My other non-starters these days have been Ian McEwan's Solar -- the protagonist is revolting -- and Amos Oz's Don't Call It Night -- where the two main characters are so self-absorbed it seems to reflect the author's own narcissistic tendencies.

Clearly, as my former agent Stuart Krichevsky told me, it's important for the reader to care about the characters. His example was Dennis Lehane's Mystic River, where the characters were each flawed in their own way but you cared fiercely about them nonetheless.

Casting about for something I would actually enjoy reading, I seized on David Kazzie's The Jackpot after reading his account of how Kindle Select promotions provided what may turn out to be a breakthrough for his thriller set in Richmond, Va. Now this is a book that's hard to put down. Yes, part of it is the violence, the turns it takes and the suddenness of unexpected death. Part of it is the quirkiness of the characters; Kazzie takes the time to explore each character and endow them with surprising qualities. The concept -- what happens to the winner of a super-jackpot lottery -- is a great one, with lots of natural suspense. The writing, if not exactly scintillating, is much better than just competent.

But it's true that one of the main attributes is that from the first page you care about the characters. There is Julius, who is watching the lottery drawing with good-for-nothing cousin and realizes he actually has the winning number. There is Samantha Khouri, the ambitious associate who has just been passed over for partner at her law firm when Julius turns to her for legal advice about his ticket. You're on their side. But even the heavies, like Samantha's stressed-out boss at the firm, or the eccentric bounty hunter sent to find the ticket, draw more sympathy than antipathy from the reader.

Caring about the characters is not enough by itself. My disappointment with Mark Young's Revenge stemmed from his getting lost in plot convolutions. His protagonist, Travis Mays, was someone you could care about, though Jessie, his love interest, was never fleshed out enough to really care about. What's important for me, too, is the sense of place, and both Kazzie and Young excel at that. But I ended up plodding through Revenge (who knows, the same may yet happen with The Jackpot, but I doubt it).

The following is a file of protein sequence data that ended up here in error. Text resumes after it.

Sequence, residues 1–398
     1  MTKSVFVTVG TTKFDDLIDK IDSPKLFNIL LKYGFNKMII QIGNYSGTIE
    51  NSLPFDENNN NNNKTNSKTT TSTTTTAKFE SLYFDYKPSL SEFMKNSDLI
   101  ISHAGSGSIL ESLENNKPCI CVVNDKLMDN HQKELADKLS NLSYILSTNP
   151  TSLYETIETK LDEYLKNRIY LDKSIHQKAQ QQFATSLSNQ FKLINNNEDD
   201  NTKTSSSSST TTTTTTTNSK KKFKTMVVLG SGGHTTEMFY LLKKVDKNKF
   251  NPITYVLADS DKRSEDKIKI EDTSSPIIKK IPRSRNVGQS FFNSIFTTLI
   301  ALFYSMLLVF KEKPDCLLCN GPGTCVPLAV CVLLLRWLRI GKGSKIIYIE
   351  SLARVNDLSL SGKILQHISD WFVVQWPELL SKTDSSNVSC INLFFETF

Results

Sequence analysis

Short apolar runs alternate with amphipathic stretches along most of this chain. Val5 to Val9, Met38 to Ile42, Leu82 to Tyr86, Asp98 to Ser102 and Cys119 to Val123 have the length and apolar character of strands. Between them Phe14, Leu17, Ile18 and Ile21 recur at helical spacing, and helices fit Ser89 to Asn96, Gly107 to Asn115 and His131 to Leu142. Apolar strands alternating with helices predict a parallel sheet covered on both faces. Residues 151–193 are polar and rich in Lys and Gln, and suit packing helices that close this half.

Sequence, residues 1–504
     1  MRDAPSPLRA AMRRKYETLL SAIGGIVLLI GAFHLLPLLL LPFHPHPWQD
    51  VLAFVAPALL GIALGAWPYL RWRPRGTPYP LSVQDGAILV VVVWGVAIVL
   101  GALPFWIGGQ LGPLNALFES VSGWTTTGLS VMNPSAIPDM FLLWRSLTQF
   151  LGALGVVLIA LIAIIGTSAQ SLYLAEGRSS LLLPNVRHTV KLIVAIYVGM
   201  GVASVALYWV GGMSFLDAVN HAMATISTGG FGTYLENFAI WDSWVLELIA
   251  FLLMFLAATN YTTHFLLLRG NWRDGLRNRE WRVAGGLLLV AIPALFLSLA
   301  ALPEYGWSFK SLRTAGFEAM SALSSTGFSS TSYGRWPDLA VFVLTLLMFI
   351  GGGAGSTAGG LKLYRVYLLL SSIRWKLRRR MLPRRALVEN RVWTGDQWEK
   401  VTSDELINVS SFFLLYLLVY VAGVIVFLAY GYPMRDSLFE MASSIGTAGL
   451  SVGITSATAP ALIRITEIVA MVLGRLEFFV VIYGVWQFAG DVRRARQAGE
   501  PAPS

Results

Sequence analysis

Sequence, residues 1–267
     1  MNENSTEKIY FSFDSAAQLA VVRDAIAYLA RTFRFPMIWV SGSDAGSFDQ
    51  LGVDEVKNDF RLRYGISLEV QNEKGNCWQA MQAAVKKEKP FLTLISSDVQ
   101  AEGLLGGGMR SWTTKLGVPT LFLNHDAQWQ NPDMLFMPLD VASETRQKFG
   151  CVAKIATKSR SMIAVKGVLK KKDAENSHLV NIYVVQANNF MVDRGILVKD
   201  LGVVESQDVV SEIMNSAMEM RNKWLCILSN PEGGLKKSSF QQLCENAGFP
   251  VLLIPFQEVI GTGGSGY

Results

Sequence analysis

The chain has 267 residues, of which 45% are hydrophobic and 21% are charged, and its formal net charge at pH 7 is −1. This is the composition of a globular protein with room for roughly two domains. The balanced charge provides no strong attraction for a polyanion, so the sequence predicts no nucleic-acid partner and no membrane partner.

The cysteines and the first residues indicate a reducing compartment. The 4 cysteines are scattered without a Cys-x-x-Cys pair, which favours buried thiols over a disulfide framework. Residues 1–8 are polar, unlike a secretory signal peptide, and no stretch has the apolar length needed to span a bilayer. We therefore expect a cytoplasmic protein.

Do people care about Lord Leighton? I hope so. They seem to care about Elena. I suppose it has to start with the author caring about these characters. I'm writing a new book in the first person for the first time -- does that automatically make the reader care for the protagonist?

Friday, February 10, 2012

Kindle Select

Totally amazing. In the second two-day promotion of The Grand Mirage, thousands of free copies of the book have been downloaded, vaulting it to #2 on the free Kindle bestseller list for historical fiction and #19 among ALL free Kindle books.

I'm not sure what the actual sales of the paperback versions of my previous three books were, but this may be the most copies of any book I've written to get into readers' hands. Of course, the likelihood that many of those who downloaded the book for free will never read it is much higher than in the case of people who paid money for the other books.

The downloads this time around are a multiple of those in December. It is certainly due in part to the fact that there's now millions more Kindles out there after the Christmas bonanza in Kindle sales. Also, this time I had the helpful notice in Anthony Wessel's Digital Book Today. I had deliberately timed this promotion ahead of Valentine's Day in case anyone thought this would be an appropriate gift, but I have no idea if that played any role at all.

I'm not sure how this plays out in terms of paid sales, or name recognition, or sales of other books. I don't think anyone knows the answers to these questions. But I'm overwhelmed that so many people found the cover and the description and reviews of Mirage intriguing enough to click for a free download and my hope is that many will actually have a chance to read it and enjoy it.

Tuesday, January 31, 2012

Authors Guild

Oh my. The Authors Guild sent out a long email citing the New York Times story on Barnes & Noble as great journalism and buying into the misguided notion that B&N is the great hope for book publishing's future.